Here is a very nice graph showing the most popular programming Languages of 2014.
Every year we release data on the “Most Popular Programming Languages” based on thousands of data points we’ve collected by processing over 100,000+ coding tests and challenges by over 2,000+ employers.
This gives us a pretty good idea on what the trends are for the upcoming year in terms of what companies are looking for. It’s data we hope will be especially helpful for new computer sciences graduates or coders looking to stay ahead of the curve.
Most Popular Programming Languages of 2014 - [Link]
Programming microcontrollers isn’t hard. Building a programmer makes a great first electronics project. The goal of this instructable is to explain the simple ‘in circuit serial programming’ method used with Microchip PICs.
Understanding ICSP for PIC Microcontrollers - [Link]
Some key features:
- Supports all programmers and MCUs that AVRDUDE supports
- Supports presets, allowing you to change between devices and configurations quickly and easily
- Drag and drop files for easy uploading
- Automatically lists available COM ports
AVRDUDESS – A gui for AVRdude - [Link]
Menno posts several alternatives to using pin headers for programming microcontrollers. Most use spring loaded pogo-pins make contact with the programming signal pads. Check out more pictures on his Flickr page. [via]
Alternatives to programming through a pin header - [Link]
Picked up one of these IC test clips on eBay for a few quid.
The idea is that you clip it to a chip on a circuit board so you have easy access to the connections for use with test probes.
I’ve got a different use for it though. If you develop a circuit using an Atmega chip (like, say, a circuit you developed with an Arduino but have now moved to a custom board), reprogramming the chip is fiddly. The best way to make your circuit easily re-programmable is to build an ISP header onto your board – it’s just a 6-pin connector that lets you blast new programming onto the chip without removing it from the circuit.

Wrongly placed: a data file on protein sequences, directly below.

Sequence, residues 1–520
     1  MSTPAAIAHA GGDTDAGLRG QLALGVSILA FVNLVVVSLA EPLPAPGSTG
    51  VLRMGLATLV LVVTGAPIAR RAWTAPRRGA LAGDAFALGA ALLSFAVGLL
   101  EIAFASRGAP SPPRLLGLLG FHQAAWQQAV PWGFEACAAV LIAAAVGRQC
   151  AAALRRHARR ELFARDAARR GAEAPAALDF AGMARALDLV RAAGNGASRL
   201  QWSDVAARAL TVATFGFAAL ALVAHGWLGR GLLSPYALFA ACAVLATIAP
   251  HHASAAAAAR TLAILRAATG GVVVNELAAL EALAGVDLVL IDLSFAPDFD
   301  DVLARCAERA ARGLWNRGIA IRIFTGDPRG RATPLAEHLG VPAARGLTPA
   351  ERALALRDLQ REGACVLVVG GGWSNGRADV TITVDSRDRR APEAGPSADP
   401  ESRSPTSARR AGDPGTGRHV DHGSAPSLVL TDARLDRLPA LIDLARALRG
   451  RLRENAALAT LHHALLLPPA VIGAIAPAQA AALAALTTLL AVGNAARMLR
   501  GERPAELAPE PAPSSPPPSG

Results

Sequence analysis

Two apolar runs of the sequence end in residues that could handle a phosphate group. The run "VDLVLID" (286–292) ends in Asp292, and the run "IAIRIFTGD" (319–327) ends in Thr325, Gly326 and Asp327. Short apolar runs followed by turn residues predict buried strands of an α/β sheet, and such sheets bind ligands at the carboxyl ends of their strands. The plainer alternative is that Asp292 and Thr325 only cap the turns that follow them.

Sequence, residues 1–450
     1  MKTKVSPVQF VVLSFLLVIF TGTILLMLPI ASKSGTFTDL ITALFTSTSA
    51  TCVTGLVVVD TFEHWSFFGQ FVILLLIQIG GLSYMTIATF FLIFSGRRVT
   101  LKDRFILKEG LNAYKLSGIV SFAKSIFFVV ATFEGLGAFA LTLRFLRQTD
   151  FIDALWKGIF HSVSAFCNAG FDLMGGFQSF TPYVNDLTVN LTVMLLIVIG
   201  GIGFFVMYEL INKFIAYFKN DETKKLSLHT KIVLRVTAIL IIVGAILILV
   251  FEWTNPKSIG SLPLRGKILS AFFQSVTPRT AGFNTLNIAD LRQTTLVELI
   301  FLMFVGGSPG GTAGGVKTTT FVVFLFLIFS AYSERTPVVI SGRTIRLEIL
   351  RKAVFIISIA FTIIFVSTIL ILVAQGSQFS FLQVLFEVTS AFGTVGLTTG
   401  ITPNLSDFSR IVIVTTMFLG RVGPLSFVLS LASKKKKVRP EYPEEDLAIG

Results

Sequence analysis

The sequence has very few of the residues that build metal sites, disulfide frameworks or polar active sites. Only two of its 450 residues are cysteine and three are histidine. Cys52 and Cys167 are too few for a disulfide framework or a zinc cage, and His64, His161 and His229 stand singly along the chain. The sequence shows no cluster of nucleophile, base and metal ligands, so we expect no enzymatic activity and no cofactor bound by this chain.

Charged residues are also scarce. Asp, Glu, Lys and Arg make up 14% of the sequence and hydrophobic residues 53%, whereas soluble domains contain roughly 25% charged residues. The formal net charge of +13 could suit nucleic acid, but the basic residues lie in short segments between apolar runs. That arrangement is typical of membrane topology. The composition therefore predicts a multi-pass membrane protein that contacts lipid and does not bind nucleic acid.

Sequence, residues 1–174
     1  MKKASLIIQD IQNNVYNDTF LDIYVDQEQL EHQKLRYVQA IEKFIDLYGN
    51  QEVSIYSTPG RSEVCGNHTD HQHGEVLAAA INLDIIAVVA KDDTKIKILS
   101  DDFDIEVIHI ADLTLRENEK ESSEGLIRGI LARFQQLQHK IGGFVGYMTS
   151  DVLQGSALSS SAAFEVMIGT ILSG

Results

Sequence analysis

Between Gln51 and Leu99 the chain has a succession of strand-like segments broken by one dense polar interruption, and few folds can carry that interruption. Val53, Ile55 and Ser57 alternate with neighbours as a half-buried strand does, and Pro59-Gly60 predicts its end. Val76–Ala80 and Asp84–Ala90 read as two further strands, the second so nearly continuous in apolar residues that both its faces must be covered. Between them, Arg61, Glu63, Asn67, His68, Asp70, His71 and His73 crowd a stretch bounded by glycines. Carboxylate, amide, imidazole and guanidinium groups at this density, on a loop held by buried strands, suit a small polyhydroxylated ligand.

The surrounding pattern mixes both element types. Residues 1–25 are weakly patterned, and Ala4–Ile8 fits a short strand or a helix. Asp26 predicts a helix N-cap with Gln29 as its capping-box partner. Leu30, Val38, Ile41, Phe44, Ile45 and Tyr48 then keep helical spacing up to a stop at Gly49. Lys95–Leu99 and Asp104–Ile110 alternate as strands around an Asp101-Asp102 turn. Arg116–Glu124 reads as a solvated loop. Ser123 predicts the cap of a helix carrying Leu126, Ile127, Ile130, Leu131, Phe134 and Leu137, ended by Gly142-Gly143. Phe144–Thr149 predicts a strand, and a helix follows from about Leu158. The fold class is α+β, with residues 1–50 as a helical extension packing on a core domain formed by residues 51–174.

DIY Atmega programming clip - [Link]
Ritchie S. King from IEEE Spectrum looks at the most popular programming languages: [via]
Listing programming languages is easy—Wikipedia’s page has more than 600 entries—but ranking them by popularity is hard. As David Welton, curator of the site LangPop.com, points out, you can’t send out a horde of researchers to look over programmers’ shoulders and note what languages they’re coding in. So you have to get at it indirectly.
To do that, you can search the Web and find numbers to use as a proxy. And you can tailor the search to target different kinds of popularity: Which languages are the most sought after in the job market? Check a job site. Which are used by elite programmers? Look in on their chat sessions. How established is a language? Visit an online bookstore—new and esoteric languages don’t have many reference books dedicated to them.
The data here come in part from TIOBE, a software research firm based in Eindhoven, Netherlands. The analysts there produce an aggregate index each month. I also looked at Welton’s LangPop.com, which shows the results of individual searches, such as on Craigslist, Internet Relay Chat, and Powell’s Books.
Top 10 Programming Languages - [Link]
The PIC microcontroller is quite popular in industrial and hobbyist, some of the newest 8-bit midrange Microchip PIC microcontroller with nanoWatt technology is PIC16F690, this 20 pin microcontroller has a build in peripherals such as ADC, UART, PWM, I2C, analog comparator and with 7KBytes program memory flash; for those who’s come from the AVR background this is a good change to gain the knowledge as we know is hard to find the comparable 20 pin 8-bit AVR microcontroller product which has the same feature as Microchip PIC16F690; and for those who are the first time learner welcome to the PIC microcontroller world.
Introduction to the Microchip PIC C Programming - [Link]
I will present this tutorial using this following imaginary conversation between David and Susan; hope you enjoy
Why should I learn coding in assembler language? It’s a machine language and for sure it’s very hard to learn!
The truth is no one actually can really understand the machine language as it only contains “0″ and “1″; or what we know as a binary, event the most experience programmer could not understand this kind of language.